Maigret's War Of Nerves by Georges Simenon
My rating: 2 of 5 stars
Yet another coincidence. After finishing Agatha Christie's 1931 novel "Murder at Hazelmoor", I picked up the next "light reading item" on my shelf, and it happened to be Georges Simenon's "Maigret's War of Nerves" (French title is "La Tête d'un homme"), written in the same year. In both the Christie's and Simenon's novels the plots take place in about 1930 and I find it interesting that Christie's past seems to be much more dated than Simenon's. It feels almost like my grandmother's world versus my own. It cannot be just because Dame Agatha was 13 years older than the Belgian author. I would rather think that the rigid class structure of the particular segment of British society portrayed in "Murder" resembles a typical Victorian setting, whereas Simenon's story happens mainly in Parisian cafes, where one is as likely to meet American businessmen as destitute people, which I believe is still the case today.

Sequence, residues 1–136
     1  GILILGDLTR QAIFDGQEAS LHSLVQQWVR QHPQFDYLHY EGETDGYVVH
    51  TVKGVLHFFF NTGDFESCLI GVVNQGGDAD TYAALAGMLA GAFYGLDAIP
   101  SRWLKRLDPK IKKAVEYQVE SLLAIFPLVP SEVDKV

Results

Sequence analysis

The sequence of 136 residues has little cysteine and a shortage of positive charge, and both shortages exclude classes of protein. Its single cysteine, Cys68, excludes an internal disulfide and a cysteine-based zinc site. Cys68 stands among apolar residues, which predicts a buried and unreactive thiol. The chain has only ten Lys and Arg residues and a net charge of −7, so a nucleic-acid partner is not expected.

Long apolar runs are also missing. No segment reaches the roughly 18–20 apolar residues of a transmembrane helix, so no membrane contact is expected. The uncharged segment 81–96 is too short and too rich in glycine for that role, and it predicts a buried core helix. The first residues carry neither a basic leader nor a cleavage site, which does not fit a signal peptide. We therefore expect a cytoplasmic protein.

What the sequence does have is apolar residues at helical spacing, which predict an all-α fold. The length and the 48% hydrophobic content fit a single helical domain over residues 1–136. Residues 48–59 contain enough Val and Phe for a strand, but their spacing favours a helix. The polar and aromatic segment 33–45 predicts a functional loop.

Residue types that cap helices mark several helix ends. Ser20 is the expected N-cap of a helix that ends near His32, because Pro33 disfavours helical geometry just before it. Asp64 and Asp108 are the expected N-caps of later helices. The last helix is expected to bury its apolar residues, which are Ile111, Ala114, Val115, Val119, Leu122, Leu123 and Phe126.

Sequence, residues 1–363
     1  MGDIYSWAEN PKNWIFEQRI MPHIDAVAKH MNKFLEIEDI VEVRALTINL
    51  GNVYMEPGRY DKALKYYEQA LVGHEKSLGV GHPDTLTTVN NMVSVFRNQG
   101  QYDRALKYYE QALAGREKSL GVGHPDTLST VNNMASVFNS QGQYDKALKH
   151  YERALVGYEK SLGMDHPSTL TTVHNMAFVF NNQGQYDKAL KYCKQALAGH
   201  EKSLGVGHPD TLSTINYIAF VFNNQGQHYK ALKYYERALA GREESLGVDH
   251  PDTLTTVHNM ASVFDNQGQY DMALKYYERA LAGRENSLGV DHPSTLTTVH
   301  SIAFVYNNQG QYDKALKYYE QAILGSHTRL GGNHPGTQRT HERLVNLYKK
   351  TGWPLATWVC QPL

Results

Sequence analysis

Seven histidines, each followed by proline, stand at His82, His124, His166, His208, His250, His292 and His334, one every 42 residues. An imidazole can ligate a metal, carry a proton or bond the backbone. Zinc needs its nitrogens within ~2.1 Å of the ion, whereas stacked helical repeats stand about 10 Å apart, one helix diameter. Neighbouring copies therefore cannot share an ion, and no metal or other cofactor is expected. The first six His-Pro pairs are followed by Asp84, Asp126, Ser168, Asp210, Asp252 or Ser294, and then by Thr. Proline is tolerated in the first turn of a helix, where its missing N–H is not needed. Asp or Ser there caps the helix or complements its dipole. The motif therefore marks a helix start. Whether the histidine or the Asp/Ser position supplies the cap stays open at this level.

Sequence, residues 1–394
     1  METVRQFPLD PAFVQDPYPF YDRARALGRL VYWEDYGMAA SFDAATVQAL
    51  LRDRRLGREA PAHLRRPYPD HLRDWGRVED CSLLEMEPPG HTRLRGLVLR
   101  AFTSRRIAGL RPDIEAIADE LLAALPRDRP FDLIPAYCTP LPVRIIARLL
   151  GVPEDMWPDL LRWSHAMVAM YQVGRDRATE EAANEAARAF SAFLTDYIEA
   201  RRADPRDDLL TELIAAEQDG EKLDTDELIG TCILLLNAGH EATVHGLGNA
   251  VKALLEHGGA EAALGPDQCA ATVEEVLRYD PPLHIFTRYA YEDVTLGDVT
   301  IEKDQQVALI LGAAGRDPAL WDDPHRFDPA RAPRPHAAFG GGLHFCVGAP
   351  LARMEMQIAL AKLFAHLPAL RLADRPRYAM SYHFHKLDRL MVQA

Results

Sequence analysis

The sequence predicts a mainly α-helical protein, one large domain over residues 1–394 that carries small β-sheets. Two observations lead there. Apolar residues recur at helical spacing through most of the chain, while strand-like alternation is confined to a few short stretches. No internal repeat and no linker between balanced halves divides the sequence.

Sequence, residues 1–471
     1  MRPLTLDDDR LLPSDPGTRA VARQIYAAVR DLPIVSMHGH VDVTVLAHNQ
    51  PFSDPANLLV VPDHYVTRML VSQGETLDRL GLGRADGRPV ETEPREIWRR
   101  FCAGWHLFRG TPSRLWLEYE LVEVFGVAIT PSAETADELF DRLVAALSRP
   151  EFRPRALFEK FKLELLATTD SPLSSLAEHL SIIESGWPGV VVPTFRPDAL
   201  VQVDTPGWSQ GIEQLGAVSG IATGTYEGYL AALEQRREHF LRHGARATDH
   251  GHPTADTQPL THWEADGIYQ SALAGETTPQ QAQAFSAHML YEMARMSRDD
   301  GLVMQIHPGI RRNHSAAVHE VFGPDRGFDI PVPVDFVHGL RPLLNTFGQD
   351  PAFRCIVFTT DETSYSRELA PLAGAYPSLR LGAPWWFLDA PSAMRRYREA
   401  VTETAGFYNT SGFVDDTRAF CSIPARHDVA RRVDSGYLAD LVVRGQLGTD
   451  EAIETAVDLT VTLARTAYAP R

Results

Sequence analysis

A death-row prisoner, convicted for murdering a rich American woman and her maid, escapes from the Santé Prison in Paris, apparently with Maigret's and other officials' consent. Maigret's people follow the escapee, yet when he soon manages to shake the tail, the good Inspector is not too concerned. He meets a mysterious Czech émigré, Radek, who implies he knows more about the events. Maigret seems to be waiting for something to happen - he is waging his "war of nerves".
I find Mr. Simenon's writing much stronger than Ms. Christie's, even with his frequent use of hysterical prose (e.g., "Once more those eyes were glittering with the keenest intelligence as they looked at him with superb derision. It was as though his whole being was in an ecstasy of triumph.") At least the main characters feel almost like real people, even if the characterizations are a little over the top.
Two and a quarter stars.
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